Consider their age. Children learn about fair play more easily when the game is suited to their age. Younger children will better understand fair play when it comes to simpler games like Snakes and Ladders, until they are old enough to understand more complex rules.

Give them opportunity. The more games they are able to play, the more they will be able to practise playing fair.

Give them many different play-mates. If they play with a range of other children of different ages, children will be able to learn from each other, with older children being good role models for younger ones.

Go over the rules. Make sure everyone understands them before the games begin, to ensure clarity. Remember to praise children when they do a good job of playing fair or sharing.

The Wishing Well foundation

The Wishing Well was established in 2010 to offer children in out-of-home care, such as foster care and residential care, a range of healing and treatment options usually not accessible as a free therapy in mainstream health.

The Wishing Well raises funds to enable children and young people to access developmentally-appropriate and trauma-informed treatments shown to be highly effective in dealing with severe trauma and neglect. These therapies respond to the unique needs of each child and young person.

The Wishing Well is a not-for-profit incorporated charity organisation, established and managed by people seeking to improve outcomes for children and young people in out-of-home care and their families. The Wishing Well recognises the importance of the act of giving. We recognise the significance of the participation of community members and all donations are most appreciated.

The Wishing Well operates ethically, effectively and empathically with a view to achieving quality outcomes and a satisfying working environment.

Support the Wishing Well

The Wishing Well uses its funds to help children in need access all manners of developmentally-appropriate and trauma-informed treatments. The Wishing Well takes referrals for any child/young person in out-of-home care in NSW.  Applications are assessed by qualified personnel and on a case-by-case basis.  The decision to fund an application is affected by the following:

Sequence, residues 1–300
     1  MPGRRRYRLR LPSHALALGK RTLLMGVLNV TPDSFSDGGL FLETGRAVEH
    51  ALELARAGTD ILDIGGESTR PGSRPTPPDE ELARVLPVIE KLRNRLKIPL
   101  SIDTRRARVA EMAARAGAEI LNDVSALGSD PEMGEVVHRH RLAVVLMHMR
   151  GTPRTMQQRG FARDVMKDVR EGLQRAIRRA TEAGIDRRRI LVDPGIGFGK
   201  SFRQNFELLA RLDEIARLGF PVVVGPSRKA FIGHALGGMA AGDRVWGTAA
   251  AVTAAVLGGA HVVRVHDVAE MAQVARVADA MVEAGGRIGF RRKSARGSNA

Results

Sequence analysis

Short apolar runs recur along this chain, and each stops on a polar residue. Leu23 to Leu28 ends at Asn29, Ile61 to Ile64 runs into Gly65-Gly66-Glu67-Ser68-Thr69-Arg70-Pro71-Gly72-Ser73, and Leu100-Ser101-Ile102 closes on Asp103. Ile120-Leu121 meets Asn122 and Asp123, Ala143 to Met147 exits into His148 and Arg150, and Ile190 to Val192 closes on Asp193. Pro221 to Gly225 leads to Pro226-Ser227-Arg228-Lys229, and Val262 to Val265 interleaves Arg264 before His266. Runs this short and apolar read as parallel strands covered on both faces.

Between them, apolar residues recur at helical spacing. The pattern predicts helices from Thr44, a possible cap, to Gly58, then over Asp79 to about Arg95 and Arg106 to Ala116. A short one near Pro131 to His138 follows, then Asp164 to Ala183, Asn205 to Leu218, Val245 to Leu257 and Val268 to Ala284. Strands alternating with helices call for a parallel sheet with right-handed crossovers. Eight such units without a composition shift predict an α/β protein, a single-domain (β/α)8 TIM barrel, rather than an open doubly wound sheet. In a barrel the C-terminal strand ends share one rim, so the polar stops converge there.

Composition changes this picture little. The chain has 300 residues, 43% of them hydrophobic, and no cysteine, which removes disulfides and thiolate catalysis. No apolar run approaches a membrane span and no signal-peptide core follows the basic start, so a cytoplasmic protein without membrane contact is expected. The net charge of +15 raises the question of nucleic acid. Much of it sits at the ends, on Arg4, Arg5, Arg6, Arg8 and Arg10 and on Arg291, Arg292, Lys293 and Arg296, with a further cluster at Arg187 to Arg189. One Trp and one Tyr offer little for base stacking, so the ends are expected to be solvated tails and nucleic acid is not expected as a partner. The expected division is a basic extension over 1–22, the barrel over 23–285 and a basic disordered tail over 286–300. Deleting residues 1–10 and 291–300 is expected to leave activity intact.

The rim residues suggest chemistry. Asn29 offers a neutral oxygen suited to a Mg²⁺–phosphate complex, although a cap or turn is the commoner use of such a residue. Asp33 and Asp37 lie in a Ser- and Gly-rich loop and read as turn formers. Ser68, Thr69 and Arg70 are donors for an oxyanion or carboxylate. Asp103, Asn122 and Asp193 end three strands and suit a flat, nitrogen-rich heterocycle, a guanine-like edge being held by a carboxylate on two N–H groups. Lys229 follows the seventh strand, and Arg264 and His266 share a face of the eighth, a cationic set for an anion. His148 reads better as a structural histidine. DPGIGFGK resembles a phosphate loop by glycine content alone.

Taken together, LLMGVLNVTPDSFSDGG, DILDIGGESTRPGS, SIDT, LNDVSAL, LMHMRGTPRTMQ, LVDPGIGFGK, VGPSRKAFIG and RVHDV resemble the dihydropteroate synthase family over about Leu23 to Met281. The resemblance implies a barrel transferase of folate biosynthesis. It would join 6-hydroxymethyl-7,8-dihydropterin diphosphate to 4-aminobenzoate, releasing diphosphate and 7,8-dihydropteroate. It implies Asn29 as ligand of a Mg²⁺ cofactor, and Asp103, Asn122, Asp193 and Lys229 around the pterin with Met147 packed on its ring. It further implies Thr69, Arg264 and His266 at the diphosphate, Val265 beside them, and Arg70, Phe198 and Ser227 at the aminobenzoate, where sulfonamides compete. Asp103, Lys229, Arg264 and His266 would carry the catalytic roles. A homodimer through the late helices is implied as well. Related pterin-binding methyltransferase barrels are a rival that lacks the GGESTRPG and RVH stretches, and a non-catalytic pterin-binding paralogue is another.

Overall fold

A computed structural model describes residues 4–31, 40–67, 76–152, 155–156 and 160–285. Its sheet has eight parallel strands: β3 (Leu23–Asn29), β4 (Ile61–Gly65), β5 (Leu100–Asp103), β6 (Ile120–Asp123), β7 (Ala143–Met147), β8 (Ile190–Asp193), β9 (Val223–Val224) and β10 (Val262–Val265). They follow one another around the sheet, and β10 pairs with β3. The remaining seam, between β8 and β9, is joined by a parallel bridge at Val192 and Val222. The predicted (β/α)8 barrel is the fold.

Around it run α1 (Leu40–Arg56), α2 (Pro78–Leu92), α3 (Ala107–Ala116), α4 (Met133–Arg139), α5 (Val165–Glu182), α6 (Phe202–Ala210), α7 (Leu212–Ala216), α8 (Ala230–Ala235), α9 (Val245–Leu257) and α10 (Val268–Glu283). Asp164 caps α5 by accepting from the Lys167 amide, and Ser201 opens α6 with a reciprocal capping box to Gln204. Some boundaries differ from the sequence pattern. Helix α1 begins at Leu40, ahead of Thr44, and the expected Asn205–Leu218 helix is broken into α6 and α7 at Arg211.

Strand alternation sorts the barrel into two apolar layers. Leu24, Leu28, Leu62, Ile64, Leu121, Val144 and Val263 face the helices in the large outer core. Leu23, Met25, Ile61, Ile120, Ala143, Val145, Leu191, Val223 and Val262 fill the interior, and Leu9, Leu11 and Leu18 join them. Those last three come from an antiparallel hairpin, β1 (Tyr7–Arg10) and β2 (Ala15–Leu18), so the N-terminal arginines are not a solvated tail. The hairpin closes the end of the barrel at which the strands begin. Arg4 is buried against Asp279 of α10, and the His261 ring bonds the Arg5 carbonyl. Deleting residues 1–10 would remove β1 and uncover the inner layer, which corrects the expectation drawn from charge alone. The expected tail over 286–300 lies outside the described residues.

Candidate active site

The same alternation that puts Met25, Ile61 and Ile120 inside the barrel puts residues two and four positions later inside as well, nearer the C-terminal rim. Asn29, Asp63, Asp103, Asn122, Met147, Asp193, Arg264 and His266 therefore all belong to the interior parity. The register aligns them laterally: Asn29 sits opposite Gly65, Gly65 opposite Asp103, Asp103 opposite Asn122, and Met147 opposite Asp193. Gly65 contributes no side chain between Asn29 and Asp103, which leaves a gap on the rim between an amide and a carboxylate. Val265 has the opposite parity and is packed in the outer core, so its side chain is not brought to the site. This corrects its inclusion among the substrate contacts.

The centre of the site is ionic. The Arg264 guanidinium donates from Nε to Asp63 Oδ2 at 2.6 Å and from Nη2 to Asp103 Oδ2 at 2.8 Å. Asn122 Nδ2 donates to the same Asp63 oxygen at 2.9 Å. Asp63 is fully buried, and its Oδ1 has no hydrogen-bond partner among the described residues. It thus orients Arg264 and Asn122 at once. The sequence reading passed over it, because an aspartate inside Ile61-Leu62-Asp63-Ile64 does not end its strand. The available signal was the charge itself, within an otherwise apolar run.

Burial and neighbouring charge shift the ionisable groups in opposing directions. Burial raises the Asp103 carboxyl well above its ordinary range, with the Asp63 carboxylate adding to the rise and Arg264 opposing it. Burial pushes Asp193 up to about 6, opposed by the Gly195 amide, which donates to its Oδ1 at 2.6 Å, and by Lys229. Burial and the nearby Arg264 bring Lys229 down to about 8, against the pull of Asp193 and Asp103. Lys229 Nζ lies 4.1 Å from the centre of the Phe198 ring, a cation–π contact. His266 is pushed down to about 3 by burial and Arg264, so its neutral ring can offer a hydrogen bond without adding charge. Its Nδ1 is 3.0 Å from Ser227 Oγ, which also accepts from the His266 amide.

• Funding availability
  • The support the child/young person has to access the proposed therapies
  • The capacity and willingness of the Carer Household to support the child/young person
  • Assessment, which recommends and supports the proposed therapy as relevant to meeting the particular needs of the child/young person

The Wishing Well gratefully receives donations, funding and resources through bequests, corporate partnerships, fundraising events, grants, online donations and other fund raising activities. Money donated to The Wishing Well enables traumatised children access to healing therapies. Please see our website for more information:

http://thewishingwell.org.au/

 

Teaching children to share; a short guide

 

Sharing can be a challenging skill for children to learn but it is a vital one that will needed throughout their childhood as they socialise with others, make friends and play together. Sharing teaches children about compromise and fairness as they learn to take turns and negotiate and cope with disappointments.

Parents and carers can help children navigate the complications of learning about sharing through these tips;

Be a good role model for them to imitate. Children learn from their elders and imitate the behaviour that they see around them. When you are able to role model turn-taking and sharing, you can be sure it gives children a great example to follow.

Give children the opportunity to learn and practise sharing.

Point out examples when good sharing was in practise; for example, if their friend shared something with them you can talk about how kind the friend was for sharing.

Give praise and attention when your child successfully shares with others.

Practise sharing games with your child to teach them and coach them on sharing and turn-taking.

Remember that not everything has to be shared; children can have some toys or possessions that are just for themselves.

The Wishing Well foundation

The Wishing Well was established in 2010 to offer children in out-of-home care, such as foster care and residential care, a range of healing and treatment options usually not accessible as a free therapy in mainstream health.

The Wishing Well raises funds to enable children and young people to access developmentally-appropriate and trauma-informed treatments shown to be highly effective in dealing with severe trauma and neglect. These therapies respond to the unique needs of each child and young person.